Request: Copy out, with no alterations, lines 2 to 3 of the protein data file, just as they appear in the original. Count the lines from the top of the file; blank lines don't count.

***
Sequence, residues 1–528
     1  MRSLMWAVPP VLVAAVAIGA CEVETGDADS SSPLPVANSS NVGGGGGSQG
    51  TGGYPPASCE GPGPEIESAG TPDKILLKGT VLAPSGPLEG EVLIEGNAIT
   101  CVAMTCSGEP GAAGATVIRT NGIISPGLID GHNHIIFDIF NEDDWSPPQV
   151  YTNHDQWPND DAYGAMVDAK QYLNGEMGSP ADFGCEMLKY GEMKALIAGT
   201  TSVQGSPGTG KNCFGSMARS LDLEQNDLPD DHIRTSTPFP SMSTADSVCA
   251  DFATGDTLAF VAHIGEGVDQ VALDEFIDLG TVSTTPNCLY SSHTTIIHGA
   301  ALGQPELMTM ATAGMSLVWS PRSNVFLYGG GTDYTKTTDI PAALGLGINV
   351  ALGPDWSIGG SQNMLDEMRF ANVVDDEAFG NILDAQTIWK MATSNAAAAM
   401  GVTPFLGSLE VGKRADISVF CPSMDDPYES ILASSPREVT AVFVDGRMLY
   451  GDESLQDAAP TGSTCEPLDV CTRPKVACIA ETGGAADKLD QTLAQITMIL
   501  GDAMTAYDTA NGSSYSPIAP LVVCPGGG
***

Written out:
     1  MRSLMWAVPP VLVAAVAIGA CEVETGDADS SSPLPVANSS NVGGGGGSQG
    51  TGGYPPASCE GPGPEIESAG TPDKILLKGT VLAPSGPLEG EVLIEGNAIT